Submitted By: Josh Gumiela and Valerie Chepp
Tags: children/youth, consumption/consumerism, corporations, marketing/brands, media, science/technology, identity, internet, social media, teenagers, youth culture, subtitles/CC, 21 to 60 mins
Summary: This 2014 PBS Frontline documentary, Generation Like, serves as a nice updated follow-up to the popular 2001 documentary, The Merchants of Cool. As in the 2001 episode, Generation Like explores how large corporations and marketing firms seek to tap into young consumer markets. However, unlike the teens that came of age during the making of The Merchants of Cool, today’s young adults are navigating a radically different media and advertising environment, namely, one dominated by social media. As explained in this plot summary, “Thanks to social media, today's teens are able to directly interact with their culture - artists, celebrities, movies, brands, and even one another - in ways never before possible. But is that real empowerment? Or do marketers still hold the upper hand? In Generation Like, author and FRONTLINE correspondent Douglas Rushkoff (The Merchants of Cool, The Persuaders) explores how the perennial teen quest for identity and connection has migrated to social media - and exposes the game of cat-and-mouse that corporations are playing with these young consumers. Do kids think they're being used? Do they care? Or does the perceived chance to be the next big star make it all worth it? The film is a powerful examination of the evolving and complicated relationship between teens and the companies that are increasingly working to target them.” While this documentary would be useful for teaching ideas related to teen consumption and corporate advertising, it could also serve as a useful way to examine characteristics of the generational cohort following the Millennials, who have been dubbed "Generation Z."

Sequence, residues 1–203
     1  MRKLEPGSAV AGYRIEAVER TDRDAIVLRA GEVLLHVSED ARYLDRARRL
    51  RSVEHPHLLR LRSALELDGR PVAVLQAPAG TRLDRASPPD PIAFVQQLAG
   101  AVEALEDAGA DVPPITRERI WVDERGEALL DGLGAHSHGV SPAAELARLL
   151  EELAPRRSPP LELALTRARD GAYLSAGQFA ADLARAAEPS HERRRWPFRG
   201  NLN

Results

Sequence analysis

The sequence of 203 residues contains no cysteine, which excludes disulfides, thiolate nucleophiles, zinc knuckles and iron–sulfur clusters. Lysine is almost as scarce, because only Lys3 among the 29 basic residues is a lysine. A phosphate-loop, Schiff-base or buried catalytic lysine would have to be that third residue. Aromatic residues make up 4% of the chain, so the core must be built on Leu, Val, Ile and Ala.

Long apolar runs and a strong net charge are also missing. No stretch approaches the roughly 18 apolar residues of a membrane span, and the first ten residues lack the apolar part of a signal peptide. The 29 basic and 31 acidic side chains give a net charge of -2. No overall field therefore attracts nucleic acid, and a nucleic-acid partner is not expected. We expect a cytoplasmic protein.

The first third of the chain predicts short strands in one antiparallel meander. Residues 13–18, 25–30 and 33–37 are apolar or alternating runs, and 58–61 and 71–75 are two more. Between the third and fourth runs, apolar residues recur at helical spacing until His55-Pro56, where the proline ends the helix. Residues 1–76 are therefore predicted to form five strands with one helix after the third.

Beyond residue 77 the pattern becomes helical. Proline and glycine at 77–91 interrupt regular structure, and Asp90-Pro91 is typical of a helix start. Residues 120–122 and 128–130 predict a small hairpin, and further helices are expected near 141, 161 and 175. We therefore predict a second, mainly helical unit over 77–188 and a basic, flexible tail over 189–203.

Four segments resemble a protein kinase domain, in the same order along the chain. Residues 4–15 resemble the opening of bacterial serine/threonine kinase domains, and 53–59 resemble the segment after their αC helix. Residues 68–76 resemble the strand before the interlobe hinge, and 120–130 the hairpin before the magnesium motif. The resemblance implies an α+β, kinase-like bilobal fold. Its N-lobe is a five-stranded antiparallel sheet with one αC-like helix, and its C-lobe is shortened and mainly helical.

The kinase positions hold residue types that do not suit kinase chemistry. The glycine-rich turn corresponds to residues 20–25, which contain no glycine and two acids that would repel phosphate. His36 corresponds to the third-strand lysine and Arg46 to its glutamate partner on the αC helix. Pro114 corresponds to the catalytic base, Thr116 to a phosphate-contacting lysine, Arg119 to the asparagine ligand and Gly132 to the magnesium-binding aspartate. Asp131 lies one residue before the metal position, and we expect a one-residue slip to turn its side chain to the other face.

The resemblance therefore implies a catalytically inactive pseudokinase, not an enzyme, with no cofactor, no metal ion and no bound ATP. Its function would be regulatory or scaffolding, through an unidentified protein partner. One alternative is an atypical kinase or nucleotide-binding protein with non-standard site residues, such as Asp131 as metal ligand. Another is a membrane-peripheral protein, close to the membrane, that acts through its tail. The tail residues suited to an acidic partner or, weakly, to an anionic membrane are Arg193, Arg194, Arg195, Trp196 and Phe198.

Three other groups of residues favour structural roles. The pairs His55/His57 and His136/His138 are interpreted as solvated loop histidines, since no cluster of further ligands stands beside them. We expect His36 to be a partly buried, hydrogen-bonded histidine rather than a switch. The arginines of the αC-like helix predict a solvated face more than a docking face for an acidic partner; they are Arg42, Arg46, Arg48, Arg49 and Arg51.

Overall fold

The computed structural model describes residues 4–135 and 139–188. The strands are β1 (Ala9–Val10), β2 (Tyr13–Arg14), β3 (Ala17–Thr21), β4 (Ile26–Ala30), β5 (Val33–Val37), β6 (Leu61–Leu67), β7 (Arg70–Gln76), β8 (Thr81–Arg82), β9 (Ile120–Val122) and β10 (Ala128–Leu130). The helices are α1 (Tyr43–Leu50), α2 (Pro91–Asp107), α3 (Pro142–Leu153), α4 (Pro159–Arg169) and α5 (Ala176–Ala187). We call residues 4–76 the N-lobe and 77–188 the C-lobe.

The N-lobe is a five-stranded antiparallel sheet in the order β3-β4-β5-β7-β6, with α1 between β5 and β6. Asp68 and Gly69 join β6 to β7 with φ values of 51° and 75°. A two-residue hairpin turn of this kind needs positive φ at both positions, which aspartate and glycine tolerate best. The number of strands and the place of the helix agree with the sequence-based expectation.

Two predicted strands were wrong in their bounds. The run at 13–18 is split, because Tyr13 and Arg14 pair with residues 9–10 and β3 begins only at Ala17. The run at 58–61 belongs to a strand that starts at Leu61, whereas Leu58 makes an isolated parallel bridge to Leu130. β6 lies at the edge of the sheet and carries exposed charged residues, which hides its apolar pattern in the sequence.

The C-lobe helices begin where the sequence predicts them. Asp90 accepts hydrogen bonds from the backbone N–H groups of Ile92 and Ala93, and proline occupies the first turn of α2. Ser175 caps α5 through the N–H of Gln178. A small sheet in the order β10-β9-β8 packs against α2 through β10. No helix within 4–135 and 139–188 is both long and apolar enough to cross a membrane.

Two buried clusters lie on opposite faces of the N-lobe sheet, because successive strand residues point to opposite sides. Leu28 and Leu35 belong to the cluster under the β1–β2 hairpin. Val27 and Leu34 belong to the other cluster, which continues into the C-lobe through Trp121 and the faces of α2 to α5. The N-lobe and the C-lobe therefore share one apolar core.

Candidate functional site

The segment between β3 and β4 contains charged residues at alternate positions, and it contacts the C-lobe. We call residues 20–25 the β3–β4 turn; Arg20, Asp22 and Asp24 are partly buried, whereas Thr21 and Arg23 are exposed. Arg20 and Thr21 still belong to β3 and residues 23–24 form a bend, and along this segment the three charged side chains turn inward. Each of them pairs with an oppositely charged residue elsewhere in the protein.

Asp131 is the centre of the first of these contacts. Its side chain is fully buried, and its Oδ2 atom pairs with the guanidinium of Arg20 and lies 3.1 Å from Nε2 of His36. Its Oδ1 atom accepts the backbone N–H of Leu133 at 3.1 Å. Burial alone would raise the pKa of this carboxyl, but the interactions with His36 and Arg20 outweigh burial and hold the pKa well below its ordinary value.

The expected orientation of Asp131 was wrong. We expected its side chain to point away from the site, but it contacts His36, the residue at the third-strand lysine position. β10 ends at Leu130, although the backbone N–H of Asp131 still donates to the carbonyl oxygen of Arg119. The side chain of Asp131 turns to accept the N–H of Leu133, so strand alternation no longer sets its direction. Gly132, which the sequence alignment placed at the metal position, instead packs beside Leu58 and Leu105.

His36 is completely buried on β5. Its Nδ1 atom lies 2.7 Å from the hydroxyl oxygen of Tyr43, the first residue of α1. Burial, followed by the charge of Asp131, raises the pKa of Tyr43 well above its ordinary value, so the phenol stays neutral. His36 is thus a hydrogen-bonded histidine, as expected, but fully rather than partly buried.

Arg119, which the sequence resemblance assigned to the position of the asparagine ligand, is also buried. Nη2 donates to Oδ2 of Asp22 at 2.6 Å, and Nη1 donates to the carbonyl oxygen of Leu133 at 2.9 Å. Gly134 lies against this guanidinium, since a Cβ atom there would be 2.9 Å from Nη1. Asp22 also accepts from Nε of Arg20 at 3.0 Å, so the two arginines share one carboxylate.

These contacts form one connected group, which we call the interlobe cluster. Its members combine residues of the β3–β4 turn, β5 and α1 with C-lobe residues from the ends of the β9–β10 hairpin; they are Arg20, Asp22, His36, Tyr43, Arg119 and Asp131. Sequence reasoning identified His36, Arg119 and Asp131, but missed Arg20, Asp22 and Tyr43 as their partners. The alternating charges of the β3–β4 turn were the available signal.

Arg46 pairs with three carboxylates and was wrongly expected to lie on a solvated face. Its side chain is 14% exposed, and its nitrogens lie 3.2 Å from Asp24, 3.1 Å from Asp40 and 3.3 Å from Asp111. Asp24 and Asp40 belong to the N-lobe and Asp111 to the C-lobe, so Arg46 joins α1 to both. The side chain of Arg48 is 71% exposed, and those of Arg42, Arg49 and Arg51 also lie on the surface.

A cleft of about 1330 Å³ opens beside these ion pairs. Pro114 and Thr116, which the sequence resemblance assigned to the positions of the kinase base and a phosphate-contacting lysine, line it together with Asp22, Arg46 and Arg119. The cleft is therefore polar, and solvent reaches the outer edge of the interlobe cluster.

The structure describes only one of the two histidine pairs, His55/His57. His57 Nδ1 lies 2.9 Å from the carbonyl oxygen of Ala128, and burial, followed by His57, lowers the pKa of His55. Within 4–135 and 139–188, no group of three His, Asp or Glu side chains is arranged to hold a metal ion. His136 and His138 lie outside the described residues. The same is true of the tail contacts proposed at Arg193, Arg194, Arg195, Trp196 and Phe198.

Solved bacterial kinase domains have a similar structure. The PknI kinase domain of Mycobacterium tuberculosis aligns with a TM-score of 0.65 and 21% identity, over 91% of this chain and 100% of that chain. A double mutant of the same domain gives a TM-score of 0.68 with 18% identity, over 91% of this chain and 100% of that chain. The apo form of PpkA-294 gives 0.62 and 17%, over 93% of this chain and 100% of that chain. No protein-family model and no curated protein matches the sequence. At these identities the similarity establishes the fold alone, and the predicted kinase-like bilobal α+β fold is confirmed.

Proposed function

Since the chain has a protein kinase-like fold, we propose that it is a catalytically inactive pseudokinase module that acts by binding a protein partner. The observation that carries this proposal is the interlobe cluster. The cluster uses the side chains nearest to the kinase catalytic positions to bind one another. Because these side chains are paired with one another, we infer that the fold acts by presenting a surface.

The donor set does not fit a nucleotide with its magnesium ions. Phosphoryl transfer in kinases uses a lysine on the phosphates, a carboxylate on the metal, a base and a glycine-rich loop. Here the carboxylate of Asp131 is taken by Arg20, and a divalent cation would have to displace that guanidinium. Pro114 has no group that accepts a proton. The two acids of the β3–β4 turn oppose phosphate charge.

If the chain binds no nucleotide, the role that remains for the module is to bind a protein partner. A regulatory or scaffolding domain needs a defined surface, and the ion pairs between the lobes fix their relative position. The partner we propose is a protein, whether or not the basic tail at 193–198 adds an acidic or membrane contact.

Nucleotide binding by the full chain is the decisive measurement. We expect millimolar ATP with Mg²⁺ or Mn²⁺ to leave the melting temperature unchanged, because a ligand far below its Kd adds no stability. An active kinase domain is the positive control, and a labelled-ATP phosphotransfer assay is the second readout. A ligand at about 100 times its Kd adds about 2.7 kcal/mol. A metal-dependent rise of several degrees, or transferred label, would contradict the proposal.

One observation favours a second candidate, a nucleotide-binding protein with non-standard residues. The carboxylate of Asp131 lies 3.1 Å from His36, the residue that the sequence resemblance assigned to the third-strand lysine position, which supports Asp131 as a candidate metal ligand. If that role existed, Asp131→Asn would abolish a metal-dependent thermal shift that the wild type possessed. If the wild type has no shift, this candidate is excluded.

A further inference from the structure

Submitted By: Valerie Chepp
Tags: bodies, gender, marketing/brands, theory, beauty, looking-glass self, 00 to 05 mins